When the eyelids no longer lie close to the eyeball, we speak of a so-called ectropion. Mostly the lower eyelids are affected, more rarely the upper eyelids. The outward turning of the eyelids causes the edge of the eyelid to stand out from the eyeball. The eyes may then water or be constantly irritated due to the lack of protection. Prolonged ectropion often leads to chronic conjunctivitis. The risk of a dangerous corneal infection increases.
An ectropion can have various causes, which must be taken into account when planning treatment. In our eye clinic, we correct an outwardly turned eyelid in the course of an ectropion operation. There are various surgical techniques that can be used to reattach the eyelid to the eyeball. We can usually eliminate the ectropion permanently in this way.
Ectropion is a malpositioning of the eyelid that often occurs in advanced age; over the years, the connective tissue slackens. As a result, the edge of the eyelid can lift off the eyeball and tilt outwards, so that the protective function of the eyelids is no longer given.
Other causes of outwardly turned eyelids are skin diseases, infections and scarring of the eyelid and conjunctiva. Facial paralysis can also affect the closure of the eyelids, as the ring muscle responsible for this can no longer perform its closing function. Even if facial paresis recedes, surgical correction of the ectropion may be necessary.
An eyelid that is turned outwards means that the cornea and conjunctiva are no longer sufficiently moistened. This can cause the eyes to become irritated and red. Many patients suffer from a foreign body sensation, itching, burning or watering eyes. If left untreated, chronic conjunctivitis often develops. A prolonged ectropion can lead to further complications, such as injuries or inflammation of the cornea. The drainage of the lacrimal fluid is also often disturbed, so that the eyes continuously water over the cheek. Chronic irritation of the skin by the salty tear fluid can cause additional discomfort.
In the worst case, an ectropion can result in corneal ulcers. Therefore, persistent problems with eyelid closure should be treated by an ophthalmologist as early as possible, either with ectropion surgery or with conservative measures.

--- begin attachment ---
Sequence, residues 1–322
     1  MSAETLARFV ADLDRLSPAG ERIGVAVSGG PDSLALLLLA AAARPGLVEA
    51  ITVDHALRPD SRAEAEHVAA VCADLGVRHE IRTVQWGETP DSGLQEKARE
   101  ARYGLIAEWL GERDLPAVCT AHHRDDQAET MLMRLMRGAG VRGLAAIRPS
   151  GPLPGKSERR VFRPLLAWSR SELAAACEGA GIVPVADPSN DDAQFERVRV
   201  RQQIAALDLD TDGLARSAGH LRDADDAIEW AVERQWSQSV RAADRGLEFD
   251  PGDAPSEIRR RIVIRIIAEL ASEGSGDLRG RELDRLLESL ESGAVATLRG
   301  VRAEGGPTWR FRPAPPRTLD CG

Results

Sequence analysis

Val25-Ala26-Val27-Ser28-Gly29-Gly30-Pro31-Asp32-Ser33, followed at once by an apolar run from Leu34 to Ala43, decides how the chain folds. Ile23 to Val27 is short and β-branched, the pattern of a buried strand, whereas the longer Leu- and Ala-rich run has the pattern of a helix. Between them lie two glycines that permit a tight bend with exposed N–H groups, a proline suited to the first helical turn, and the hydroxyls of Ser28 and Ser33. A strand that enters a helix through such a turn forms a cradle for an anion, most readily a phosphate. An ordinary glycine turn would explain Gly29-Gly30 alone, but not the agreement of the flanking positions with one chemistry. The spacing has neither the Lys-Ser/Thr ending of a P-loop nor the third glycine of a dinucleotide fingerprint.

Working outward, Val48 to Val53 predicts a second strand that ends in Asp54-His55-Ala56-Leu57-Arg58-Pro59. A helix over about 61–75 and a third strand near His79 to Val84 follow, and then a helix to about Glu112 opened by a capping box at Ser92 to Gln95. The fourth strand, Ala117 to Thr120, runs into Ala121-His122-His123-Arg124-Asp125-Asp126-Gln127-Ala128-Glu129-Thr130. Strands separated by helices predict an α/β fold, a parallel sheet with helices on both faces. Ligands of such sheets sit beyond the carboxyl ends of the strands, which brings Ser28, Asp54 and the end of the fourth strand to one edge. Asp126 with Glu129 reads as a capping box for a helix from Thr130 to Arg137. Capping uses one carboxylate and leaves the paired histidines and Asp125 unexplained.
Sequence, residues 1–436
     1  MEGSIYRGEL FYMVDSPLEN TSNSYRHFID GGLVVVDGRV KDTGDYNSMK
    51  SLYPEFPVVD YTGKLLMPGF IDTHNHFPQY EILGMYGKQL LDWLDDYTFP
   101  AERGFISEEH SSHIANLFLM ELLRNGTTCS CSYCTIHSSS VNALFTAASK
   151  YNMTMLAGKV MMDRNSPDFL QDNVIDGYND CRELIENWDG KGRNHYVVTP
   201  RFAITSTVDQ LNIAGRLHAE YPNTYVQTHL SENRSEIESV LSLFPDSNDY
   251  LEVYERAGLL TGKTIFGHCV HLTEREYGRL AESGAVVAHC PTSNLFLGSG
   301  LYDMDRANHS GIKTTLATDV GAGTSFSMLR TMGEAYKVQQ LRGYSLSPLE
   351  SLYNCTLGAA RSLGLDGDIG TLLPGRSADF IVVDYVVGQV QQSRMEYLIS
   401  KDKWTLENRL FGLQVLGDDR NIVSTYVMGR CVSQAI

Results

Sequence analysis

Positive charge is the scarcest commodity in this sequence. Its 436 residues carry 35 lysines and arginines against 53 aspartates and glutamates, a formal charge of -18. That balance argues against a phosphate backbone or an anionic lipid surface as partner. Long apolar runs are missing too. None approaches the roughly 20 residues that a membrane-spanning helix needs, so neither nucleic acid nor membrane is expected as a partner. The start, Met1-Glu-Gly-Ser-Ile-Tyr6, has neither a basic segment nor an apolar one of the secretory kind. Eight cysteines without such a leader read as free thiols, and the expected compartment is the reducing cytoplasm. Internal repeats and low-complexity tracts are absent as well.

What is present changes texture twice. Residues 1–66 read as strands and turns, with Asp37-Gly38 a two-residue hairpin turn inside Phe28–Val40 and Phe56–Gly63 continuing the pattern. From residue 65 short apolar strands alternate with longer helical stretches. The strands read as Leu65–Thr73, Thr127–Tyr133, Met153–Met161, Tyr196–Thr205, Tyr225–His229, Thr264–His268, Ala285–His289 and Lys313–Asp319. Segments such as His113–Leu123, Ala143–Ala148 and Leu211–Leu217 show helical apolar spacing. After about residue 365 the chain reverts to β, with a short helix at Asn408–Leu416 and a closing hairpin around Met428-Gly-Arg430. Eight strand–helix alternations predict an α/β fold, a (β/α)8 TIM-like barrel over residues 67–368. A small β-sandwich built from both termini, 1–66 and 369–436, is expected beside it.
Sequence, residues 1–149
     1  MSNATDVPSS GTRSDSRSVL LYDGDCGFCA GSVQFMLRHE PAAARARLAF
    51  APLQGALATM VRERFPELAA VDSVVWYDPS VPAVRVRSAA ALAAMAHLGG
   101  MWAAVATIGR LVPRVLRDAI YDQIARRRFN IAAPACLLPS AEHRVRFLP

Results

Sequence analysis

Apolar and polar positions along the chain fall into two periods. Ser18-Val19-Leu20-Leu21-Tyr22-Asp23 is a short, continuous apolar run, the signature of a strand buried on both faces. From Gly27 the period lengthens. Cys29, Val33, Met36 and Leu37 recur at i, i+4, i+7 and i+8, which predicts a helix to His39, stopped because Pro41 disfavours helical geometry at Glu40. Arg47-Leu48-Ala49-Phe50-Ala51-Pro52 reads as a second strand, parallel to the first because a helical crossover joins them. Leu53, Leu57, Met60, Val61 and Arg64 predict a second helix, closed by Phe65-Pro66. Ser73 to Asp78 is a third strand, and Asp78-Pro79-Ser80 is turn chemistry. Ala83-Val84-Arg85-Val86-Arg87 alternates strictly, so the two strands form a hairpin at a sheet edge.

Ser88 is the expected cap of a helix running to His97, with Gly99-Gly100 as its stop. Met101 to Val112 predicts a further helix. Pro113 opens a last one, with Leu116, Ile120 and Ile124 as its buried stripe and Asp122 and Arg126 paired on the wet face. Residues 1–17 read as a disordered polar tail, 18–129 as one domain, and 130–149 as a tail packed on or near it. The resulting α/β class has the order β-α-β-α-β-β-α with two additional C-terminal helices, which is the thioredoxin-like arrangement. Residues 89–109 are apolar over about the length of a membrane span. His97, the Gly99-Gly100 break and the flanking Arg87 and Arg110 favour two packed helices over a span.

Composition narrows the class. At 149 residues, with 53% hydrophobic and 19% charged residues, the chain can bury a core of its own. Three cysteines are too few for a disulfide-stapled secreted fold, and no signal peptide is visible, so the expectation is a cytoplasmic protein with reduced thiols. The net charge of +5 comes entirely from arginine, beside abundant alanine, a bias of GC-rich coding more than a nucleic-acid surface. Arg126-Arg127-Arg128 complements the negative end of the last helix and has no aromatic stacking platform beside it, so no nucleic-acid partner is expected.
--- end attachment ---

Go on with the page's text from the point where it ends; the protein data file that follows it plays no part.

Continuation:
We always recommend ectropion surgery when eyelid closure is permanently impaired and no improvement is foreseeable without surgical correction. In principle, it is possible to treat the acute symptoms with ointments or tear substitutes, for example. However, these usually only provide short-term relief without treating the cause of the problem.
For permanent eyelid malpositions, an ectropion operation is therefore usually unavoidable.
Since the causes of an ectropion can be very different, the ectropion operation in our clinic is always planned individually. Comprehensive ophthalmological examinations take place beforehand. The operation usually takes no longer than half an hour and is usually performed on an outpatient basis. In more complex cases, e.g. a skin deficiency, an in-patient stay may be necessary. The aim of the ectropion operation is to reattach the edge of the eyelid to the eyeball. For this purpose, the attending physician performs an eyelid lift, using different surgical techniques depending on the individual findings. The sagging tissue is shortened and modelled so that the eyelids are once again in their correct position against the eyeball. If the lower eyelid is shortened as a result of scarring or skin diseases, it may be necessary to reshape the lower eyelid by means of a skin graft. To do this, the surgeon takes a suitable graft from another area, e.g. from the upper eyelid or the region behind the ear.